EKG technicians work in hospitals or other medical facilities measuring heart acitvity. They are experiencing much faster job growth than the job market as a whole and can expect a median salary of around $31,000.
EKG technicians use electrocardiograms to monitor a patient's heart activity. EKG certificate programs offer training in echocardiography and teach students about the cardiovascular system. Although it is possible to secure employment that will provide on-the-job training without having completed a formal degree program, most EKG techs hold at least a certificate in their field. Certification is legally voluntary, but it may be required by some employers.
|Required Education||Certificate in EKG technology is common; some enter the field with a high school diploma and on-the-job training|
|Other Requirements||Certification may be required by employers; available through the American Board of Cardiovascular Perfusion, American Society of Phlebotomy Technicians and American Certification Agency for Healthcare Professionals|
|Projected Job Growth (2014-2024)||22% for cardiovascular technologists and technicians*|
|Median Salary (2016)||$31,253 for EKG technicians**|
Sources: *U.S. Bureau of Labor Statistics. **PayScale.com
Education Requirements for an EKG Technician
While aspiring EKG technicians may receive on-the-job training, many complete certificate programs at a community college or vocational school. Topics covered may include echocardiography, medical terminology, the role of the EKG technician, electrocardiography, anatomy of the heart, medical disease processes, phlebotomy and legal issues for the EKG technician.
Clinical topics covered include 12-lead placement, ventricular rhythms, sinus rhythm, basic EKG interpretation, Holter monitor use and identifying heart rhythms. Students are also provided with hands-on experience, which teaches them how to operate electrocardiograms.
Although certification may not be a requirement, many employers require EKG technicians to obtain certification. EKG technicians can obtain certification through several organizations. Requirements for certification are typically the completion of a training program and experience on-the-job. Organizations offering certification exams for EKG technicians include the American Board of Cardiovascular Perfusion, American Society of Phlebotomy Technicians and American Certification Agency for Healthcare Professionals.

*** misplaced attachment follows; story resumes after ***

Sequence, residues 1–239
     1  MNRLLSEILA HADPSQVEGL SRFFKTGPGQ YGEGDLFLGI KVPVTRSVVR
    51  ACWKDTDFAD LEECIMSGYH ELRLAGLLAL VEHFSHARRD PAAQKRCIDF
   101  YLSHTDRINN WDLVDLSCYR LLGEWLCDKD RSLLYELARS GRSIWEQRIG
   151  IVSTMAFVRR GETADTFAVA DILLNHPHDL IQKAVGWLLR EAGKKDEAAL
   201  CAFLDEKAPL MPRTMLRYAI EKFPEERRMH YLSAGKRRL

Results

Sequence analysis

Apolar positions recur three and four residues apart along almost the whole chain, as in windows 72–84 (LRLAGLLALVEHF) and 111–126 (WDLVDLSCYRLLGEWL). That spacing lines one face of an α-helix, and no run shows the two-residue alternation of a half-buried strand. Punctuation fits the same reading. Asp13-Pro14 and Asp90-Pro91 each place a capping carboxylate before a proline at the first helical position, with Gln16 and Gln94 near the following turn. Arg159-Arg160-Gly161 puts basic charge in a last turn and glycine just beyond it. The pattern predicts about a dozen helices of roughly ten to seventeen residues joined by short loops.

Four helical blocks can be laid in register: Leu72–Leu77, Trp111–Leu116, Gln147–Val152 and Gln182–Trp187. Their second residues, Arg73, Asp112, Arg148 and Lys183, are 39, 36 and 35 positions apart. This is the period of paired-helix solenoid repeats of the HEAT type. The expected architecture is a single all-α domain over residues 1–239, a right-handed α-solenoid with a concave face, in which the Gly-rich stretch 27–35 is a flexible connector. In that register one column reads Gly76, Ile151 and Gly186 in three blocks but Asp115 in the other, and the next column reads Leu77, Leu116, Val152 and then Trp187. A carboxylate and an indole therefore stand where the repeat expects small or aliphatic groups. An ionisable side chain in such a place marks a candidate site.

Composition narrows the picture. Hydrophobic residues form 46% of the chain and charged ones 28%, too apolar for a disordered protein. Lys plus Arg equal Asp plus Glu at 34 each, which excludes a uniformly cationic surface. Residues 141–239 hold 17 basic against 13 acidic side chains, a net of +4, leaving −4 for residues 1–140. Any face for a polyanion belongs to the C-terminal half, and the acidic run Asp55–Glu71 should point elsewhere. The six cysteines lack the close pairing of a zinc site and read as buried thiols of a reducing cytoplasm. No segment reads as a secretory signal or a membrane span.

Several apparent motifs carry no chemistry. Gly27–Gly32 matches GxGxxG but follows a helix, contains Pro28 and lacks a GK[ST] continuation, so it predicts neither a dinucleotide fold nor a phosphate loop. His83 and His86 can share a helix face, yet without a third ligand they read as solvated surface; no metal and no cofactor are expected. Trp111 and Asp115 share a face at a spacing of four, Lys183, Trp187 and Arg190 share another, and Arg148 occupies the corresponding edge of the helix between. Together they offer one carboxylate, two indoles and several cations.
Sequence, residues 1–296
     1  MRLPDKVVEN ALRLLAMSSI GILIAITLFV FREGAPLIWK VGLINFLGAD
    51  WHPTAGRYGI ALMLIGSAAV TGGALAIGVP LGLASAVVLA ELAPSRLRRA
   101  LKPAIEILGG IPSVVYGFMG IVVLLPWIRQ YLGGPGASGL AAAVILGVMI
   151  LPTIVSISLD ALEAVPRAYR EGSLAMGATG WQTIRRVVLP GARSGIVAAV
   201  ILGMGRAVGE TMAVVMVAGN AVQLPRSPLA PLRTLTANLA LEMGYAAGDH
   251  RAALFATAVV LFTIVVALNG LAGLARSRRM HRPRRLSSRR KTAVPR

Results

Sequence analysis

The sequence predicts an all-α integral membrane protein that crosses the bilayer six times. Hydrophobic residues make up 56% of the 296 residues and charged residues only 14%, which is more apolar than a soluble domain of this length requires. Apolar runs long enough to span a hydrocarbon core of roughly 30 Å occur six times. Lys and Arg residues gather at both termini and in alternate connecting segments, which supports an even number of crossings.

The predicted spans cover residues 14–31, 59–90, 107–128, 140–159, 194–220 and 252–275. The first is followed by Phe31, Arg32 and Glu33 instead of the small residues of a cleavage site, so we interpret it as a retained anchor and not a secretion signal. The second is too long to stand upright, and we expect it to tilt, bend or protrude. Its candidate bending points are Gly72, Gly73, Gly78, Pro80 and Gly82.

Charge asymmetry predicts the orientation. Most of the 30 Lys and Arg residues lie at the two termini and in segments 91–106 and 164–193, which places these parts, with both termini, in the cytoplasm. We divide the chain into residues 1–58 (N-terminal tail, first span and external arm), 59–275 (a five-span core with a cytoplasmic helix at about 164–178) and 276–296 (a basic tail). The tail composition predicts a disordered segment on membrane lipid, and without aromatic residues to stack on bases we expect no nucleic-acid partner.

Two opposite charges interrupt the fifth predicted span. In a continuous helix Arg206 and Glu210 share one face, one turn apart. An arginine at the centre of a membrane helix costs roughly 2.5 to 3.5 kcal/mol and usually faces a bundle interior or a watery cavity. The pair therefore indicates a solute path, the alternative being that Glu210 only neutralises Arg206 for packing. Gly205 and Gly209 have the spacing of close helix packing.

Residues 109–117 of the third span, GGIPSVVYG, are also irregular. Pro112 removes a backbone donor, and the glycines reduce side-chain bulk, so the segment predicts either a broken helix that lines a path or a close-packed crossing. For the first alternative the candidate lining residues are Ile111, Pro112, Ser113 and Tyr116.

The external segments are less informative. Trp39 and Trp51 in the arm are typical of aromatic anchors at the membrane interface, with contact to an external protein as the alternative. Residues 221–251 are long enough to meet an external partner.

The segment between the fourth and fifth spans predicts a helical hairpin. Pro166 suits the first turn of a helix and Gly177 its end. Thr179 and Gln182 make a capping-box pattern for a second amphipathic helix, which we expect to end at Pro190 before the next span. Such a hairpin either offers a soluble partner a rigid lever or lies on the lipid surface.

Career Information for an EKG Technician
EKG technicians perform electrocardiograms to measure and record heart activity as a way of diagnosing and treating heart disease. Some EKG technicians are trained to perform Holter monitors or stress tests, both of which involve attaching electrodes to the patient's body in order to obtain EKG readings. The Holter monitor tracks the patient's heart over a 24-hour period, while the stress test involves using a treadmill to observe how a patient's heart responds to exertion. EKG technicians work in a variety of settings, such as hospital-based cardiology clinics, cardiac rehabilitation centers, doctor's offices and emergency rooms.
Career and Salary Outlook
The U.S. Bureau of Labor Statistics (BLS) reported in 2014 that cardiovascular technologists and technicians would be in demand due to the aging population (www.bls.gov). This profession can expect to see employment growth of 22% from 2014-2024. EKG techs with training in stress testing and Holter monitoring will typically see better employment opportunities than those who can only perform a basic EKG. Salary information provided by PayScale.com shows that the median annual salary for EKG technicians in January 2016 was $31,253.
EKG technicians may receive on-the-job training or complete a certificate program at a community college or vocational school. Certification is available and usually includes completion of a training course as well as on-the-job experience. Certification is not required by the state, but many employers do require EKG technicians to obtain certification.